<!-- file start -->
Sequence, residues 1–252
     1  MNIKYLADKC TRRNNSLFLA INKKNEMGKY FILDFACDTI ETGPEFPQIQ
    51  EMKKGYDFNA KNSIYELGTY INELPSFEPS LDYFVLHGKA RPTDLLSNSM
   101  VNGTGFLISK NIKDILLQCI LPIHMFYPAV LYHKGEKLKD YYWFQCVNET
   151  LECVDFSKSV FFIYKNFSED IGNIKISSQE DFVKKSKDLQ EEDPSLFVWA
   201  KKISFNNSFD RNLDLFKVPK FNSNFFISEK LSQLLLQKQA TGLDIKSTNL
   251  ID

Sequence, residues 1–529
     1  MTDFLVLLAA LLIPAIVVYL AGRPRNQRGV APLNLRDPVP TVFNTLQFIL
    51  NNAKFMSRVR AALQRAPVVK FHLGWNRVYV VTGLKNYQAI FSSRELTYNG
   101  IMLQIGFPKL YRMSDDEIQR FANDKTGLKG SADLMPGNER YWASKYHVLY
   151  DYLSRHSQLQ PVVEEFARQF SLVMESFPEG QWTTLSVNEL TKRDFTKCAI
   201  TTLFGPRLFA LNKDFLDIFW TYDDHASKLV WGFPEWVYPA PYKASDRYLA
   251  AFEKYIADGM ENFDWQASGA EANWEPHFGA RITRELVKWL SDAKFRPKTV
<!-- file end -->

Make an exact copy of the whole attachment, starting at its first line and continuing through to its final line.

Sequence, residues 1–252
     1  MNIKYLADKC TRRNNSLFLA INKKNEMGKY FILDFACDTI ETGPEFPQIQ
    51  EMKKGYDFNA KNSIYELGTY INELPSFEPS LDYFVLHGKA RPTDLLSNSM
   101  VNGTGFLISK NIKDILLQCI LPIHMFYPAV LYHKGEKLKD YYWFQCVNET
   151  LECVDFSKSV FFIYKNFSED IGNIKISSQE DFVKKSKDLQ EEDPSLFVWA
   201  KKISFNNSFD RNLDLFKVPK FNSNFFISEK LSQLLLQKQA TGLDIKSTNL
   251  ID

Sequence, residues 1–529
     1  MTDFLVLLAA LLIPAIVVYL AGRPRNQRGV APLNLRDPVP TVFNTLQFIL
    51  NNAKFMSRVR AALQRAPVVK FHLGWNRVYV VTGLKNYQAI FSSRELTYNG
   101  IMLQIGFPKL YRMSDDEIQR FANDKTGLKG SADLMPGNER YWASKYHVLY
   151  DYLSRHSQLQ PVVEEFARQF SLVMESFPEG QWTTLSVNEL TKRDFTKCAI
   201  TTLFGPRLFA LNKDFLDIFW TYDDHASKLV WGFPEWVYPA PYKASDRYLA
   251  AFEKYIADGM ENFDWQASGA EANWEPHFGA RITRELVKWL SDAKFRPKTV